Figure 4: La cueca, Chile's national dance, is performed at street fesitvals and holiday celebrations.

cue.jpg.<>. Date accessed: 10/06/04.




Prognosis for Independence Day

     This celebration is still very popular and the number of tourists who come to see this festival is increasing.  There are parades, festivities, national food favorites, music, and beverages available.  This is a treasured celebration and the folklore demonstrations of dance, costumes, and legends bring in the crowds of people from near and afar (Hamre 2004).



     Chile's Independence Day is an important day in which the people of Chile can come together and have a new sense of unity and purpose (Hudson 1994: 133).  The celebration gives them a sense of joy, pleasure, spirit, and progression.  Symbolic figures or objects, such as past heroes, represent the message and motive of the occasion (Dorson 1982).  Independence Day celebrates the courage of the Chilean people and reminds everyone that no matter how great the struggle, it important to keep trying for the desired goal (MacMillan 1997: 44).


Internet References Cited

  • chlM0l.gif.<>.Date accessed: 9/17/04.

  • Hamre, Bonnie
    2004   Chile 's Fiestas Patrias. Electronic document,
     ,            accessed November 7, 2004.

              Discussion of popular festivals and customs in Chile.

  • Holidays. Electronic document, ,
    accessed November 16, 2004.

    Discussion of Chile's most important civic holiday, Independence Day.

  • Kilgour, David
              Celebrating Chilean Independence. Electronic document, ,
    accessed November 16, 2004.

              Website is parts of speech given by Secretary of State in remembrance                of Chilean independence.

  • The Structure of the Economy. U. S. Library of Congress. Electronic
              document, ,
              accessed November 16, 2004.

             Focus on Chilean economic issues from past years and other aspects of              Chilean history.


Peer-Reviewed References Cited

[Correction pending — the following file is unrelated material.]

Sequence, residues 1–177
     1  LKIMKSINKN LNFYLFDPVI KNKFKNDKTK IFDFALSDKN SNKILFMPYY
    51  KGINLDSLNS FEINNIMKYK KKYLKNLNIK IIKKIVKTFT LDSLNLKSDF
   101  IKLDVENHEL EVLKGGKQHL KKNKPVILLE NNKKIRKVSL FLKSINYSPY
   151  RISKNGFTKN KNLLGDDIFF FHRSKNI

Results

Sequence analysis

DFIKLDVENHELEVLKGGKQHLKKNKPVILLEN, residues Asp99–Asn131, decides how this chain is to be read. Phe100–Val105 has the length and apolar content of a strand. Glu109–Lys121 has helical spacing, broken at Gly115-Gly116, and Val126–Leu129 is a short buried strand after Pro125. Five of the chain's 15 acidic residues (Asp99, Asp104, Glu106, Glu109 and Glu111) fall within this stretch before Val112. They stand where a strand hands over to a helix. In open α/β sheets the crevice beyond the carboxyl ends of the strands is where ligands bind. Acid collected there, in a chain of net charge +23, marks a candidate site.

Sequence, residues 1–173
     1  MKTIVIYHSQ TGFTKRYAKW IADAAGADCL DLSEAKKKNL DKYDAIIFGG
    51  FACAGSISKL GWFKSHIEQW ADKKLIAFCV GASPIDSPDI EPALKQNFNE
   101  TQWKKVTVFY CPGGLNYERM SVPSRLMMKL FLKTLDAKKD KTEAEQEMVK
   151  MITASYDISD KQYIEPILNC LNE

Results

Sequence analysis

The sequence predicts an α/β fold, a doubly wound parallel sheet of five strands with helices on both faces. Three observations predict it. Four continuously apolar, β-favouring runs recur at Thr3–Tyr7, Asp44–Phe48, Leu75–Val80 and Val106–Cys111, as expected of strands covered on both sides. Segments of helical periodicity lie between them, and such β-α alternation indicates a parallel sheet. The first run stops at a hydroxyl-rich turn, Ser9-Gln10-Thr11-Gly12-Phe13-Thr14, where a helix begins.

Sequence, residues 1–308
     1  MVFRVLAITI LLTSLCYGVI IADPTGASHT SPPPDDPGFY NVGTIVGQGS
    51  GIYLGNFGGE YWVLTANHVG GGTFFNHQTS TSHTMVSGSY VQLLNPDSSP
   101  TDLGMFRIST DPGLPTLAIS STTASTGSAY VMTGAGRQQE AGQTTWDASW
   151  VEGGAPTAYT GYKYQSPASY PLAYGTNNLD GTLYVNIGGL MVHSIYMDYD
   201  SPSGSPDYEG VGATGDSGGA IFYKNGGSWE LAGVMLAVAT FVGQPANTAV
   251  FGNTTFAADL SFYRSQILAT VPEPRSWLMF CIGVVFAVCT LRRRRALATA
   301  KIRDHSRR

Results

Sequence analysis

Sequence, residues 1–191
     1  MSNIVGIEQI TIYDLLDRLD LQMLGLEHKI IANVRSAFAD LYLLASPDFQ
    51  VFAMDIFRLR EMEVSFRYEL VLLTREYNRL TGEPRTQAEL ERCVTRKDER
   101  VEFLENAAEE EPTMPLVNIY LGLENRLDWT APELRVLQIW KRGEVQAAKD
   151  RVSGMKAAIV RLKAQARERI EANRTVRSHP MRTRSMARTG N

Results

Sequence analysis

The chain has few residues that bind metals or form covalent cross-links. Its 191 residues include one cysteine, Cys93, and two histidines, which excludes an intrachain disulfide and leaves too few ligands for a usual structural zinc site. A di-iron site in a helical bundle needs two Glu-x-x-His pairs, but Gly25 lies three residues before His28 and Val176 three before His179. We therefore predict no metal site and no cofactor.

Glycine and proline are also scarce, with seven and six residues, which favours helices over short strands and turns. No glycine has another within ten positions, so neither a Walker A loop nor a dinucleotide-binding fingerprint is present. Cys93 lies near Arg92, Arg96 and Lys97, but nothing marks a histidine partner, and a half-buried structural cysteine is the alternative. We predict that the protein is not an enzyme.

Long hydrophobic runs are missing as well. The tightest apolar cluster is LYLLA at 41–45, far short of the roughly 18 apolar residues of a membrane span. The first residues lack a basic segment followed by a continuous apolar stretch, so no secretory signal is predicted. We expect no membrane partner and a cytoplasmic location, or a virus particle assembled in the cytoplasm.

• Dorson, Richard M.
    1982    Material Components in Celebration. In Celebration: Studies in                      Festitvity and Ritual . Victor Turner, ed, pp. 33-57. Smithsonian                          Institution Press, Washington.

  • Gall, Timothy L.
    1998   Chileans. In Worldmark Encyclopedia of Cultures and Daily                      Life Volume 2 – Americas, edited by Timothy L. Gall, pp. 103-107.            Gall Research, Detroit, MI.

  • Henderson, Helen, and S. E. Thompson
    1997   Chile Independence Day. In Holidays, Festivals, and Celebrations               of the World Dictionary, edited by Helene Henderson and S. E.               Thompson, pp.81. 2nd Ed. Omnigraphics, Inc., Detroit, MI.

  • Hudson, Rex A.
    1994   The Society and Its Environment. In Chile : a country of study,                   edited by Rex A. Hudson, pp. 120-134. 3 rd Ed., Federal Research              Division, Library of Congress.

  • MacMillan, Dianne M.
    1997    Mexican Independence Day and Cinco de Mayo. Enslow Publishers,             Inc. Springfield, NJ.

  • Nussbaum, Martha C. et al
    1996    For Love of Country. Beacon Press, Boston, MA.

  • Sigmund, Paul E.
    1977    The Overthrow of Allende. University of Pittsburgh Press,                       Pittsburgh, PA.

  • The American Heritage Dictionary of the English Language, Fourth Edition.
    2000   Houghton Mifflin Company.

  • Turner, Victor, and Edith Turner
    1982    Religious Celebrations. In Celebration: Studies in Festivity and                    Ritual. Victor Turner, ed, pp. 201-219. Smithsonian Institution                         Press, Washington.


Contact Jim Aimers | ©2004 Miami University